How President John Magufuli Opened Eyes of Academicians And Legislators in Tanzania

Academicians and legislators have described the probe report on copper concentrate exports presented to President John Magufuli as an eye-opener, on how Tanzania has been losing billions of shillings in the mining sector, calling for transparency in contracts between the government and investors.

Soon after findings of the scathing report were unveiled yesterday, share prices of Acacia Mining Plc at the Lon-don Stock Exchange (LSE) and Dar es Salaam Stock Ex-change (DSE) fell by 17.3 and 15.91 per cent, respectively.

And in a quick response, Acacia Mining, the major player in gold mining in Tan-zania, claimed in a statement that, “We declare everything of commercial value that we produce and pay all appropri-ate royalties and taxes on all of the payable minerals that we produce.

“Nevertheless, speaking in separate interviews, acade-micians pointed an accusing finger at foreign investors of cheating and exploitation.”

Had it not been for cheating Tanzania could have made it to the middle income economy and significantly cut donor dependency,” according to a don at the University of Dar es Salaam, Prof Humphrey Moshi.

Prof Moshi, who once worked at the World Bank as an economist, proposed for joint ventures between either the government or local investors with foreigners to re-tain part of profits posted by mining companies.

The report was presented to President Magufuli yes-terday by the eight-member team led by the Chief Ex-ecutive Officer (CEO) of the Geological Survey of Tanzania (GST), Prof Abdulkarim Mruma.

Prof Mruma’s team is one among two probe teams formed by Dr Magufuli last month to investigate the amount of minerals present in the concentrate and its value.In a telephone interview with the ‘Daily News,’ Prof Moshi said it was high time the contracts were made public to avoid cheating by conglomerates.

“It is also healthy if we put it as a requirement for foreign mining companies to form joint ventures with either the government or local investors, it is the best practice which is being implemented in Botswana,” he proposed.

The don as well suggested capacity building at the Tanzania Revenue Authority (TRA) to enable the tax collector to conduct audits of revenues generated by multinational companies.

Reached for comment, the Chairman of the Tanzania Chamber of Minerals and Energy, Ambassador Ami Mpungwe, said he will comment after reading the full report.

“I have not seen the whole report and neither has our member Acacia. I, therefore, cannot make an intelligent comment at this moment,” he stated.

For his part, a political commentator at UDSM, Dr Benson Bana, said the study is an eyeopener of how “unscrupulous investors and public officials,” have been colluding to cheat the government of revenues.

“The report provides us with an empirical point of view; we are now aware of how we have been cheated and exploited in unfair play game,” he remarked.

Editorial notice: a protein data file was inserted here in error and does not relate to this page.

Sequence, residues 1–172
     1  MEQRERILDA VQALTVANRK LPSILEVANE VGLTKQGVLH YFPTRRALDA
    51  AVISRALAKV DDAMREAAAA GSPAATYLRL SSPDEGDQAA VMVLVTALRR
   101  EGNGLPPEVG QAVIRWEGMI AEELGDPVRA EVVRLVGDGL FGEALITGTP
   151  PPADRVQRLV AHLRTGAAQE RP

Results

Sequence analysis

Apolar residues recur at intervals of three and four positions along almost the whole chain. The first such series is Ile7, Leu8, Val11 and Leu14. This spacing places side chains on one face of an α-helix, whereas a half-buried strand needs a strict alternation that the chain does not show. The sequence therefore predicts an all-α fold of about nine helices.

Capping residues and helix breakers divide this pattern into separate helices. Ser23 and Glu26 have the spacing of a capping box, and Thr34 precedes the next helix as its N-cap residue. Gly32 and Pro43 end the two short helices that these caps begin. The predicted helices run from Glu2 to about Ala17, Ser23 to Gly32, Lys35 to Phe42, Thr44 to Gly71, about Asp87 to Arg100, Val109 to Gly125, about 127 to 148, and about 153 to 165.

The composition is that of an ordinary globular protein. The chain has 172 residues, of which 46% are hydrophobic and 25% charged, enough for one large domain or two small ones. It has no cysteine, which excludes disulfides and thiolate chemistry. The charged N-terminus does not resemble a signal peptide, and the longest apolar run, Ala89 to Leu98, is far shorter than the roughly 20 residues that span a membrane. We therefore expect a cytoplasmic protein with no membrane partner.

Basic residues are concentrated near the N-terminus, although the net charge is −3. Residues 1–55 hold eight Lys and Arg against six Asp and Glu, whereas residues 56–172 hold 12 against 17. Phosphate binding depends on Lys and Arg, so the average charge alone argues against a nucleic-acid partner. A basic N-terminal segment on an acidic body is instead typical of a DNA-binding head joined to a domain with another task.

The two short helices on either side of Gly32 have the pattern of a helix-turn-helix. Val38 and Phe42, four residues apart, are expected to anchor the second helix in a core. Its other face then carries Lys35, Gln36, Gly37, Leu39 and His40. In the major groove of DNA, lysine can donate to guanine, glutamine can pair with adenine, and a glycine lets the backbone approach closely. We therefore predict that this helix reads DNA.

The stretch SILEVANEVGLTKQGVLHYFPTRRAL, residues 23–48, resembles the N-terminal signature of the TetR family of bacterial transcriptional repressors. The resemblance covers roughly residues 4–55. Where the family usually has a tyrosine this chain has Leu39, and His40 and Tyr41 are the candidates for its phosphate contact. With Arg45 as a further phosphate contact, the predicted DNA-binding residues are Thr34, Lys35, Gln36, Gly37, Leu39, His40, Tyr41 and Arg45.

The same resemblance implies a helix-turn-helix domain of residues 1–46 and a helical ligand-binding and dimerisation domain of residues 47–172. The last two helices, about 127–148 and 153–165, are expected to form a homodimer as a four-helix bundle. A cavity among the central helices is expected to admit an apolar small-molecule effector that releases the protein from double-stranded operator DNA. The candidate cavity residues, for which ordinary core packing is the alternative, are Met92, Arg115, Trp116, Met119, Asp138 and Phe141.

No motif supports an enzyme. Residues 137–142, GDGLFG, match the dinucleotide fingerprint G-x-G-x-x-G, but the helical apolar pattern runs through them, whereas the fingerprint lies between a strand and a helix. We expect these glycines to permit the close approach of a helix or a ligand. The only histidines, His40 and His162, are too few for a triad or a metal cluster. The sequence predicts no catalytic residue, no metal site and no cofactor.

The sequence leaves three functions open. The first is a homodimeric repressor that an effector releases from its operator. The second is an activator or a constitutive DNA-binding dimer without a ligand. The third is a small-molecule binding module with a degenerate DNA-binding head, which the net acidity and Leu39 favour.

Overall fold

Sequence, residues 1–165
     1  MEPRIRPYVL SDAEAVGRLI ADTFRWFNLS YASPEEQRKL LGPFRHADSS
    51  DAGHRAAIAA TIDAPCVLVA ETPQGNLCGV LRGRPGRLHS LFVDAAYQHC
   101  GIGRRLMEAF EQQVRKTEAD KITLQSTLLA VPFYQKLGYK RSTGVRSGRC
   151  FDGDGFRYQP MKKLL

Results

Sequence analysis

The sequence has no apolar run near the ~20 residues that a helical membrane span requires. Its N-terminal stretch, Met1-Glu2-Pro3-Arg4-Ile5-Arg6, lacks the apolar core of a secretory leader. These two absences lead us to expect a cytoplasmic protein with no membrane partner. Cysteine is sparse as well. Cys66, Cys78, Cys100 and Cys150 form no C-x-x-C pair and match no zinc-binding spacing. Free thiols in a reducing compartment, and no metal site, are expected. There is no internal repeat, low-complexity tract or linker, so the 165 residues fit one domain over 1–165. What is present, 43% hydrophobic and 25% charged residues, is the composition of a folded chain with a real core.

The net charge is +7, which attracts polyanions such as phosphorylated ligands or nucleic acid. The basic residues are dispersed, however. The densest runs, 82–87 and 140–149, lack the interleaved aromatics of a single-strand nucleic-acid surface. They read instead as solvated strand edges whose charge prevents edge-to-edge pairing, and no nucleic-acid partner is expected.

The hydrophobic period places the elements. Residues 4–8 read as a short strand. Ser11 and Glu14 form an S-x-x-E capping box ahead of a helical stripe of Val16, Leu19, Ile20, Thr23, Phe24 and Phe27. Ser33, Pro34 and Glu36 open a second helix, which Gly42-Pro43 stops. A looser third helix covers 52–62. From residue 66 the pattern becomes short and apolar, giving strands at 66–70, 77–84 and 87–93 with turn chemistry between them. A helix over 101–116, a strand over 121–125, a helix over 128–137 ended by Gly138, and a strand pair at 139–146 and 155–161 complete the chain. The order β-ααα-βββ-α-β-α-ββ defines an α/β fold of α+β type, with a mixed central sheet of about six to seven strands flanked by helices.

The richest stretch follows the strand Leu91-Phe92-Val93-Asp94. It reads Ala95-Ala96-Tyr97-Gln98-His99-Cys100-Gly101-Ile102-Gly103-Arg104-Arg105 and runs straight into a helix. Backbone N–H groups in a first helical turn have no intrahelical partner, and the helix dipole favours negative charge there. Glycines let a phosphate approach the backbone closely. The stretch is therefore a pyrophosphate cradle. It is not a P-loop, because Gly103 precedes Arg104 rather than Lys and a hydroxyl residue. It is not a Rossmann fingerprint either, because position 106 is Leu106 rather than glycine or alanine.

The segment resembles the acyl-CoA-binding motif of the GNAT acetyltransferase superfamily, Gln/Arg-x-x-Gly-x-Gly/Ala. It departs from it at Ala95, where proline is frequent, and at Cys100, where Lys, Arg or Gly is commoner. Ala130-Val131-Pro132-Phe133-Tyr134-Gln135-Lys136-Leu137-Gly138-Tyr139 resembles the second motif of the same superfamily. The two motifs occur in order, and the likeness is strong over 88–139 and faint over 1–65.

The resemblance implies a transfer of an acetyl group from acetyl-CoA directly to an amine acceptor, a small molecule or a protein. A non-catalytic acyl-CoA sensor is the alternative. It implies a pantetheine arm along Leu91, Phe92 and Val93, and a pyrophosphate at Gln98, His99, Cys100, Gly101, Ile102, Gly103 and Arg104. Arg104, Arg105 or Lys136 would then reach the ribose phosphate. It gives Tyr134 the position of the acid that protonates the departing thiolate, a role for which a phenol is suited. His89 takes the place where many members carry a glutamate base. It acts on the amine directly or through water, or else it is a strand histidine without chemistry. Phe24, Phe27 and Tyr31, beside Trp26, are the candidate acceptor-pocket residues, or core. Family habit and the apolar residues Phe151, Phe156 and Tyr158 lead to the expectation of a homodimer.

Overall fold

Dr Bana hailed President Magufuli for forming the probe teams, noting that; “The President has taken a bold move.

It is not something we have been used to since many African countries have had a tendency of stooping low on foreign investors.”

In a statement yesterday, Acacia Mining, formerly Barrick Gold, said they will provide a further update to the market as soon as practical.

“Acacia has not yet seen the full copy of the report, which states that the value of minerals within the concentrates in the containers currently at the Dar es Salaam Port is more than 10 times the declared amount.

“We are seeking a full copy of the report and further clarification,” the company Manager for Investor Relations Giles Blackham, remarked.

From the designated capital of Dodoma, parliamentarians across the political divide unani- mously expressed their support to President Magufuli on the report.

The Chairperson of the Parliamentary Committee on Energy and Minerals, Mr Dotto Biteko (Bukombe-CCM) said his Committee has been getting a different government report on the matter.

“Ministry of Energy and Minerals officials were feeding us with false information depict- ing that all was well. Today, we have seen a very different report presented to the President,” he said.

Mr Biteko said that govern ment officials should take a les- son from the report that Dr Ma- gufuli is not taking things lightly and they will one day become accountable for their actions.

“I believe that all officials involved will be dealt with accordingly and as the presidential committee suggested,” he ex- plained.

The Chairperson of the Par liamentary Committee on In- dustry, Trade and Environment, Mr Stanslaus Nyongo (Maswa East-CCM) described the dos- sier as a shocker.

“It is hard to imagine the amount of wealth that we have been losing all these years.

It is a huge loss. Our leaders for years made us believe that there was nothing shoddy in the export of copper concentrate for smelting, but today we have found out that it is a big lie,” he said.

Kibamba legislator John Mnyika (CHADEMA) said the decision came late, propos- ing immediate review of the Minerals Act, 2010, and others which permitted exporting of mineral concentrate.

Mr Mnyika, who is also the Shadow Minister for Energy and Minerals, said the syndi- cate behind the cheating should also involve former ministers from the previous government.

Dr Faustine Ndugulile (Kigamboni-CCM) said that the presidential probe commit- tee has sealed the debate on the content of copper concentrate.

“Losing almost 1.4trl/- per month is not something small”.

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Source: Tanzania Daily News

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